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Builder pays price for unsafe work

19 September 2013

The owner of a Leeds building firm has appeared in court after two workers were injured, one seriously, when they fell from a mezzanine floor they were dismantling.

One worker, then 61 and from Seacroft, broke two vertebrae and was in hospital for five days following the incident on 15 July 2012. He has been unable to continue working in the construction industry because of impaired lifting and carrying abilities.

The second man, then 18 and from Halton, suffered concussion, but has since made a full recovery.

The mezzanine, in a Cross Green warehouse that was being vacated, was being purchased by George Simms, a partner in Simco Services, who brought in the two men to dismantle it.

Leeds Magistrates heard (18 Sept) that Mr Simms gave inadequate thought to planning the work, and existing handrails, intended to prevent falls from the mezzanine, were removed. As the work went on, it is thought one of the boards broke and the two men fell to the concrete floor below.

The incident was investigated by the Health and Safety Executive (HSE), which prosecuted George Simms for a breach of the Work at Height Regulations.

HSE told the court that Mr Simms had not considered how the work should be undertaken and this led to the two men working at height with no safeguards in place to prevent them falling. The men were repeatedly required to work close to the open edges, often while carrying materials and tools, making a fall more likely.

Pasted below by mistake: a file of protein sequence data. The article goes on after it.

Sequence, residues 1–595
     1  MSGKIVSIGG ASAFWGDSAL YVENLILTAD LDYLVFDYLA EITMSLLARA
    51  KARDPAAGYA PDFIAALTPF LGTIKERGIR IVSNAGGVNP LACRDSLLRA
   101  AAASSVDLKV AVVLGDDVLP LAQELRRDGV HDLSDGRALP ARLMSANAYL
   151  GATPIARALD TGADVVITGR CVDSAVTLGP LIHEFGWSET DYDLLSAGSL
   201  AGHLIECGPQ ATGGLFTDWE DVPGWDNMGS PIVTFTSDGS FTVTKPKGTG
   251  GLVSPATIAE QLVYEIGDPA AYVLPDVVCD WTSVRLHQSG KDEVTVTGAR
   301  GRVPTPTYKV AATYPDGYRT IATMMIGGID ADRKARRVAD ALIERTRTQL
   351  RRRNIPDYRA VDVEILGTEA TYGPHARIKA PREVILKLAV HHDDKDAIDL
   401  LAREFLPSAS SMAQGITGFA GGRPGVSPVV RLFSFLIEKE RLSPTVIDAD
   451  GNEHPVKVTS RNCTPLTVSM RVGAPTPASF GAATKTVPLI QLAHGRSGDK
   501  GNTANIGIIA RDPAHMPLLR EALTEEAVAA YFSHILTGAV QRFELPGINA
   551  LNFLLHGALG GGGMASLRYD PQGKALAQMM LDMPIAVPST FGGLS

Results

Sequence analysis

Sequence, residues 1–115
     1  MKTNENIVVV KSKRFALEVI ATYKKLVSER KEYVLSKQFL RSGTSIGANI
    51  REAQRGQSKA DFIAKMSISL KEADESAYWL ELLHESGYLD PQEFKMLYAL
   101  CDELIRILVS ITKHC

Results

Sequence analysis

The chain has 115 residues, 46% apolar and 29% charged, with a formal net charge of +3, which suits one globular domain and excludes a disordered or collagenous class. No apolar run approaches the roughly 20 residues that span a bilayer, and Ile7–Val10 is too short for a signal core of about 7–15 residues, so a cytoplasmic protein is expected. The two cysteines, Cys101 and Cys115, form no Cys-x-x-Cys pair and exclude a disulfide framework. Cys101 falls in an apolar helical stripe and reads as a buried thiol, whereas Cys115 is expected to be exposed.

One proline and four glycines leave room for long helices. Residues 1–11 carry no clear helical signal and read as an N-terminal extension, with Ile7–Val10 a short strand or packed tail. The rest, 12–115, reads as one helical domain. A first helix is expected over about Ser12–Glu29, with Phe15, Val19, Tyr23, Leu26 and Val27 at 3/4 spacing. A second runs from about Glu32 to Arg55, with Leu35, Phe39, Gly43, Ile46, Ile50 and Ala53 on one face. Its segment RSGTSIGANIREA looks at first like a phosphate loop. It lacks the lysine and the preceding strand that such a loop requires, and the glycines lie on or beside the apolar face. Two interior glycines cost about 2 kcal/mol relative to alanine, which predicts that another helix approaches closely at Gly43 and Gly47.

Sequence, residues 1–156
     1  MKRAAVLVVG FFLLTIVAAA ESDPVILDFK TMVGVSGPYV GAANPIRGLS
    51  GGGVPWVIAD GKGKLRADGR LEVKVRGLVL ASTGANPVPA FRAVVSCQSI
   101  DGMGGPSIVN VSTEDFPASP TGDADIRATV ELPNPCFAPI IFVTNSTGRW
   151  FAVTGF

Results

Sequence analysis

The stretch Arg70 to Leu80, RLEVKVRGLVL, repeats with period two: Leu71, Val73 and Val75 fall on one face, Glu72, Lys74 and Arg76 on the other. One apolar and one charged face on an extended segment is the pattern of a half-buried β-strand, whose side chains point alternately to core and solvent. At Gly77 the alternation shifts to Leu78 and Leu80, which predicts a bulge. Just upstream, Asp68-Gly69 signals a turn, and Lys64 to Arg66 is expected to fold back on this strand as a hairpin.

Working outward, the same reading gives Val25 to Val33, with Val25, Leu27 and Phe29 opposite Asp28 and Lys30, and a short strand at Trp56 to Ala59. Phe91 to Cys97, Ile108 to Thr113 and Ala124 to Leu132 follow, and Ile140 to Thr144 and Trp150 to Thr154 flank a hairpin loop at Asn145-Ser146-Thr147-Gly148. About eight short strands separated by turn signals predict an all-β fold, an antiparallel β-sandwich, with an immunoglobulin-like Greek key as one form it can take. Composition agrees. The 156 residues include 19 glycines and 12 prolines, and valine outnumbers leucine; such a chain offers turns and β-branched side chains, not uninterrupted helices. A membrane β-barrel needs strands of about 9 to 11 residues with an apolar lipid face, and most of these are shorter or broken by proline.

The investigation was unable to identify exactly how the two workers fell together but a probability was that a board broke, causing it to slip. However, HSE said it was the ad-hoc nature of the work which ultimately led to the serious risks faced by the men.

George Simms, of Ramshead Drive, Seacroft, Leeds, was fined £2,000 and ordered to pay £3,210 in costs after admitting a breach of Regulation 4(1) of the Work at Height Regulations 2005.

After the hearing, Inspector Martin Hutton said:

"The two men who fell from height could easily have been killed. While one has been lucky enough to make a good recovery, the other suffered lasting spinal injuries which meant he had to give up work.

"As far as Mr Simms goes, his only method of work was an unsafe, poorly-planned one, presenting abundant risks to workers of falling off or through the mezzanine.

"Work at height is the single biggest cause of fatal incidents in the workplace and proper planning is vital to ensure it can be carried out safely. That includes choosing the most suitable equipment and making sure work is properly supervised."

For information and advice about safe working at height, visit

Notes to editors

  1. The Health and Safety Executive is Britain’s national regulator for workplace health and safety. It aims to reduce work-related death, injury and ill health. It does so through research, information and advice; promoting training; new or revised regulations and codes of practice; and working with local authority partners by inspection, investigation and enforcement.
  2. Regulation 4(1) of the Work at Height Regulations 2005 states: "Every employer shall ensure that work at height is properly planned; appropriately supervised; and carried out in a manner which is so far as is reasonably practicable safe."

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